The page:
well no.4 has fools gold I think...so its a no lol and number 19 is granite I'm pretty sure, and the ridges are hard just like the rest of the rock...but on the underside theres this very red colour...i can take a pic if needed?
Couple rocks I'm curious about:
1) Red Shale - Now I know this is just red clay that's been pressed to a sedimetary rock, but red tends to equal oxides of iron. I've been using this in several planted tanks. Figure I ought to be worried? Plants seem to be doing fine. Mostly I ask because this is the single most common rock there is where I am. Any construction site has to dispose of tons of it.
2) Lapiderite - Beautiful rock - White/grey matrix with hordes of tiny silvery purple microcystals all over it. Unfortunately, at a guess I would say it was a calcium based rock with mica and amethyst inclusions, but I have not been able to find it on the wb and I haven't managed to unearth my minerals book lately.
3) Mica - Just thin sheets of silicon oxides, nu? Should be ok?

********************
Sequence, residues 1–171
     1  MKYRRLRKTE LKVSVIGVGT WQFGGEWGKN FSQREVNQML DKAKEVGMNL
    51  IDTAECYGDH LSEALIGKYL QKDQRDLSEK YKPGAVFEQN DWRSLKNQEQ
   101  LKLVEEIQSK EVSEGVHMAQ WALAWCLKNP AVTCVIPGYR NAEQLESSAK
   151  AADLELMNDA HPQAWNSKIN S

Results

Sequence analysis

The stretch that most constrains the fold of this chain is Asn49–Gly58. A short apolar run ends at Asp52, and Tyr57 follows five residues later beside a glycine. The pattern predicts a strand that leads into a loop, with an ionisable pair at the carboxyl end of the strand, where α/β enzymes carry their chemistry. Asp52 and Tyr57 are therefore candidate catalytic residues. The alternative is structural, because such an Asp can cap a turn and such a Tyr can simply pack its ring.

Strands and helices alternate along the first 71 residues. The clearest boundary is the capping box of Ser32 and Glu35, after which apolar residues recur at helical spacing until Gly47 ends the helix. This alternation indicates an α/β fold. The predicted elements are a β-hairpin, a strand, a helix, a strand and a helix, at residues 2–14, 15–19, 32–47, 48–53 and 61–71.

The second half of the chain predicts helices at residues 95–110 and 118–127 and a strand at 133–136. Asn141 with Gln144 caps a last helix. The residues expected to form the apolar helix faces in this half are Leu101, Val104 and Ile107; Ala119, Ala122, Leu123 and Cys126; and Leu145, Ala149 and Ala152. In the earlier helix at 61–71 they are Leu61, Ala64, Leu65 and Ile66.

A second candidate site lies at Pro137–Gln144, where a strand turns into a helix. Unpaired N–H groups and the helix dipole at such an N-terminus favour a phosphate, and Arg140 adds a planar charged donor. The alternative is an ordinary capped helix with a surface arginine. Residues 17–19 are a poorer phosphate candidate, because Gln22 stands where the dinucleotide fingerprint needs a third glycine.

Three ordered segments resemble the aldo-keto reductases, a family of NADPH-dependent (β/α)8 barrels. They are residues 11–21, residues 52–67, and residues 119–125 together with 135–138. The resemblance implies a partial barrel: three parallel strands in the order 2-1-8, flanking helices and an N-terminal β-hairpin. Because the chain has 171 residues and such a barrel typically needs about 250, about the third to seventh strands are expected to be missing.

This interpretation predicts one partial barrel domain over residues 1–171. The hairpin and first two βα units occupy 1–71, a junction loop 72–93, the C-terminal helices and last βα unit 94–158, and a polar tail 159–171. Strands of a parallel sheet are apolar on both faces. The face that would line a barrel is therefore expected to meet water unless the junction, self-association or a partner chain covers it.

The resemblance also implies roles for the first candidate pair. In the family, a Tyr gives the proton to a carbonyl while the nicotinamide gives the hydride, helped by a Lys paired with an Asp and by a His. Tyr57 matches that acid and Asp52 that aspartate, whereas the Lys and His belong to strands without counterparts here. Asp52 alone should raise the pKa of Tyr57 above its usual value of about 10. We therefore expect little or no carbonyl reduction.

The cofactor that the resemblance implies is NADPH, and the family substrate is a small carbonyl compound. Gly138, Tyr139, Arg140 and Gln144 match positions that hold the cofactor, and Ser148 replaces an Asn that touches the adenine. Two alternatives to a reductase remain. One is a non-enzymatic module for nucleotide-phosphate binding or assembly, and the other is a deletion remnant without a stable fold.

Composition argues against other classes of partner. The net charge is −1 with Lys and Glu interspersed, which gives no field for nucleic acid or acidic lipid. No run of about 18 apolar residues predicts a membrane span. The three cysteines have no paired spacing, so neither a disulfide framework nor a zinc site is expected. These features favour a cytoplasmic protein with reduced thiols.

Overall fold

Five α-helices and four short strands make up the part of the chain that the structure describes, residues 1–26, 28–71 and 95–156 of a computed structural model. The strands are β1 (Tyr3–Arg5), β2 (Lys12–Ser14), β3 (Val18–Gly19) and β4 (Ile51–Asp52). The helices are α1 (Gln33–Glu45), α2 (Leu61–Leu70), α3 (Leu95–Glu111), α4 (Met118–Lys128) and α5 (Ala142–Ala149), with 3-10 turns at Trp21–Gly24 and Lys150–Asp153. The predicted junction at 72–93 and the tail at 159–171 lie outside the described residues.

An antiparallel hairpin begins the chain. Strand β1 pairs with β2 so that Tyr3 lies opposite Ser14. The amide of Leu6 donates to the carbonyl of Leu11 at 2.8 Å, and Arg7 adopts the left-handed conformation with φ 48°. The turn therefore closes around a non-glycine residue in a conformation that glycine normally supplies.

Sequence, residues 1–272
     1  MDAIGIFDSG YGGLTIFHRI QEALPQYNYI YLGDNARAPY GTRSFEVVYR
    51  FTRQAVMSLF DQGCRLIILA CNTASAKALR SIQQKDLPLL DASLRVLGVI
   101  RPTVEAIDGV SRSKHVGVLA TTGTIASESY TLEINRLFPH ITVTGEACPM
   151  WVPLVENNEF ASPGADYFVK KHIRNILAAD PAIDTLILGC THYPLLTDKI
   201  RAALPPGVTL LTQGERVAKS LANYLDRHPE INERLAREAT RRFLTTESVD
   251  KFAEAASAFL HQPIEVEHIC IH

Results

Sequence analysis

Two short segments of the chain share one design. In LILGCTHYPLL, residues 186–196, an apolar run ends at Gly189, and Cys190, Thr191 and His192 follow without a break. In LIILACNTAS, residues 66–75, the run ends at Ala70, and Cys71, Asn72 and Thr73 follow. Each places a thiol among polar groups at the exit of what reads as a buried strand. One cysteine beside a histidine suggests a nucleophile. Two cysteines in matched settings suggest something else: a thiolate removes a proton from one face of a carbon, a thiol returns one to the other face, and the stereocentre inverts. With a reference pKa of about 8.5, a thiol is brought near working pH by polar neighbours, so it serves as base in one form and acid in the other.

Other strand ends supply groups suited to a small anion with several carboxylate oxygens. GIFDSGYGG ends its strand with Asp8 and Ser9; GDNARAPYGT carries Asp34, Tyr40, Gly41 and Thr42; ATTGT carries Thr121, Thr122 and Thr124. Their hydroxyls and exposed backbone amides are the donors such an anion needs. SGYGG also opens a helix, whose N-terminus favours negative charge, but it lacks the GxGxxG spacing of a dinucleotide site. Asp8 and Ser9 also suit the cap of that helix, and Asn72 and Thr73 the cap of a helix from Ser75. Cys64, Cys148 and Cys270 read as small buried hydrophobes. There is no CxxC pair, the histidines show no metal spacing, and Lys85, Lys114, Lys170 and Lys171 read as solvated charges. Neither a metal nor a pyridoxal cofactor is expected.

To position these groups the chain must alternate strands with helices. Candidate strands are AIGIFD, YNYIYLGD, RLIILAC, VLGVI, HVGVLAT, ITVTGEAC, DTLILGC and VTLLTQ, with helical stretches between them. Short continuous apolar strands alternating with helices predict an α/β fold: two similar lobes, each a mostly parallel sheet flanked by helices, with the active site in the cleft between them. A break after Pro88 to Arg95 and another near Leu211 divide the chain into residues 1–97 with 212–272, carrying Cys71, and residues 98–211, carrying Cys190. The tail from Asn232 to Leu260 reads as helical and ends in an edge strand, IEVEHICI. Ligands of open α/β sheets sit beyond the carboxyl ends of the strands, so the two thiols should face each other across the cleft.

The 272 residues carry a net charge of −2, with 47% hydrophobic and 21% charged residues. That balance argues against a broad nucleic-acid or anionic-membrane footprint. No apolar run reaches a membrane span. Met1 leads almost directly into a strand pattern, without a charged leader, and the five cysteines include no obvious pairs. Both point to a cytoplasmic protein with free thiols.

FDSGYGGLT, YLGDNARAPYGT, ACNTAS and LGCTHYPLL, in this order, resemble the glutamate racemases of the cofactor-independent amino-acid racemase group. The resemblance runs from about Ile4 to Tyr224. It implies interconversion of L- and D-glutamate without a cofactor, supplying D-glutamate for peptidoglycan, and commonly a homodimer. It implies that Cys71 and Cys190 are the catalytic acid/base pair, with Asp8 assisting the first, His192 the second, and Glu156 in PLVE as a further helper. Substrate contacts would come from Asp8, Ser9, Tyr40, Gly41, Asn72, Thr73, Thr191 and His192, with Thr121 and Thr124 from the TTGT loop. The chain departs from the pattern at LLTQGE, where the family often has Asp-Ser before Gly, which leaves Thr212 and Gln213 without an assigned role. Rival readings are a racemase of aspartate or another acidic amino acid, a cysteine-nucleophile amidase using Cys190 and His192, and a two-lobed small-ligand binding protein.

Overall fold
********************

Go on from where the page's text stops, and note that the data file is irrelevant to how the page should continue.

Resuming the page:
1 ) you are correct the red is from ferric oxide. in a heavily planted tank the plants should use up the Fe before it has a detrimental effect on the fish.
2 ) do you mean Labradorite? if so it is a plagioclase feldspar and is therfor unsuitable for long term aquatic use.
3 ) micas are complex hydrous potassium-aluminium silicate minerals. There are more than 20 chemically distinct mica types with considerable variance in geologic occurance, but all have essentially the same crystal structure. none of them are suitable for use in aquariums
that really depends on the kind of shale
obviously Bituminous shale and Oil shale are not going to be good
whereas generally speaking Slate, Siltstone and Mudstone are ok, dependant on the other impurities in it.